• Living Fences: By training and pruning, apple trees can be shaped into living fences or boundary markers that are both functional and fruitful.
    • Wood Smoking Chips: The wood from apple trees is often used to create smoking chips for barbecuing, imparting a sweet, fruity flavor to smoked meats.
    • Wildlife Habitat: Apple trees provide shelter and a food source for various wildlife, including birds and small mammals, contributing to biodiversity in a garden setting.

Interesting Facts

  • bedFeng Shui

    The Apple Tree is not used in Feng Shui practice.

  • aquariusZodiac Sign Compitability

    The Apple Tree is not used in astrology practice.

  • spiralPlant Symbolism

    • Beauty: With its appealing red skin and attractive form, the Spartan apple represents physical beauty and charm.
    • Knowledge: Apples are often connected to wisdom, as seen in mythological stories such as Adam and Eve, and the Spartan variety inherits this classical association.
    • Temptation: Reflecting the biblical story of the forbidden fruit, Spartan apples symbolize desire and the enticing allure of what may be off-limits.
    • Health: The well-known saying "An apple a day keeps the doctor away" relates to the health benefits of apples, and Spartan apples, like others, are emblematic of health and well-being.
    • Abundance: Apple trees' prolific nature makes them a symbol of abundance and fertility, suggestive of life's luxuriance and fullness.

Every 7 to 10 days
2500 - 10000 Lux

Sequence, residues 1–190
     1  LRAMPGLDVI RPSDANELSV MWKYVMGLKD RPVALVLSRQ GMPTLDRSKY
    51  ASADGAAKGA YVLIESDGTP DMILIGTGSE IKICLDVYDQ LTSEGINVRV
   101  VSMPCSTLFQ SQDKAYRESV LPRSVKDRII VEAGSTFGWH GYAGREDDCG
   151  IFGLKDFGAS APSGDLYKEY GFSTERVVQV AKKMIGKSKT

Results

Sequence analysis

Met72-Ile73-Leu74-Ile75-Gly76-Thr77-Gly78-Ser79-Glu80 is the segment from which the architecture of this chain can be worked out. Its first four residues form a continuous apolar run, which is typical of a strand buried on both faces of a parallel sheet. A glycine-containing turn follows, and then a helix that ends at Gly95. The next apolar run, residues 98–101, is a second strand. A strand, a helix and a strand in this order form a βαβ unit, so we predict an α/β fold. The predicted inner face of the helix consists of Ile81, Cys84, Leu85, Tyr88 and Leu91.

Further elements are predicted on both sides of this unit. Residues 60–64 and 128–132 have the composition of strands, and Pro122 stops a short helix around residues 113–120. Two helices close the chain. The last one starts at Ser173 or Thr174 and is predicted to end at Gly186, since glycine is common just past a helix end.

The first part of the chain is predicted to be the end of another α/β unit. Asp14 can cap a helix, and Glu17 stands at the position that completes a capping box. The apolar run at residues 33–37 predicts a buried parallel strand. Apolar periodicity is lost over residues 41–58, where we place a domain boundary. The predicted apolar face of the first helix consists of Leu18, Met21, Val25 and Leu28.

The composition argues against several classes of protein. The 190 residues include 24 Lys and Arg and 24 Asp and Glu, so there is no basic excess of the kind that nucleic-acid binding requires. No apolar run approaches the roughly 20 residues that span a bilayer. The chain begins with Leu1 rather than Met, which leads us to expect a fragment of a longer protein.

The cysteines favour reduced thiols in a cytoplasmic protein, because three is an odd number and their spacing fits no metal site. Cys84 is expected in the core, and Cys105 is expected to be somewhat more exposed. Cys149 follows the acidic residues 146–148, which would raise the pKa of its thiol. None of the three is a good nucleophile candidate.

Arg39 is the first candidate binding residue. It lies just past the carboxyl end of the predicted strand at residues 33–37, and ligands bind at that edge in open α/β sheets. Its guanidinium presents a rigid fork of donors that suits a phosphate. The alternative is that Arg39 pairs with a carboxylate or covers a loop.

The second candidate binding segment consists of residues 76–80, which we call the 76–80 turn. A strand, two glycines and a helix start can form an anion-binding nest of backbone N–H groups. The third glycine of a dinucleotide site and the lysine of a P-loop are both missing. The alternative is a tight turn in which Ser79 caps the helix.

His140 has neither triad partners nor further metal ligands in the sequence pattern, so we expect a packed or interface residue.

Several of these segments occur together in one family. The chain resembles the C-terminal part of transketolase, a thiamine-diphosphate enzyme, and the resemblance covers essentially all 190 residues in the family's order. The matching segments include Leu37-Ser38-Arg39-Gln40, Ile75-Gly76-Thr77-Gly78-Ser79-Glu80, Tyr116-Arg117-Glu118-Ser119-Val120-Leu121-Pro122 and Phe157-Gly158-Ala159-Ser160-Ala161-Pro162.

Not applicable
Late winter
As needed
  • water dropWater

    Spartan apples, or apple trees in general, should be watered regularly, especially during their first few growing seasons to establish a deep, extensive root system. The watering frequency depends on the weather and soil moisture levels, but as a rule of thumb, give the tree about 5 gallons of water per week. During hot and dry periods, increase watering to twice per week, ensuring that water reaches deep into the soil. Decrease watering as the weather cools and rainfall increases. Overwatering can be as harmful as under-watering, so make sure the soil is draining well and not waterlogged.

  • sunLight

    Apple trees, including the Spartan variety, thrive best in full sun. They should receive a minimum of 6 hours of direct sunlight each day. The best spot for planting is in a location where the tree will get unobstructed sunlight throughout the day. Avoid planting in shaded areas as this can reduce fruit production and make the tree susceptible to diseases.

  • thermometerTemperature

    Spartan apple trees are hardy and can tolerate a range of temperatures, but they grow best in USDA hardiness zones 5 through 8. The ideal growing temperature is between 60 and 75 degrees Fahrenheit. They can survive winter temperatures as low as -40 degrees Fahrenheit, but young trees are more susceptible to frost damage. During the growing season, it is crucial to ensure the trees are not exposed to extreme temperatures above 90 degrees Fahrenheit, which can stress the tree and affect fruit development.

  • scissorsPruning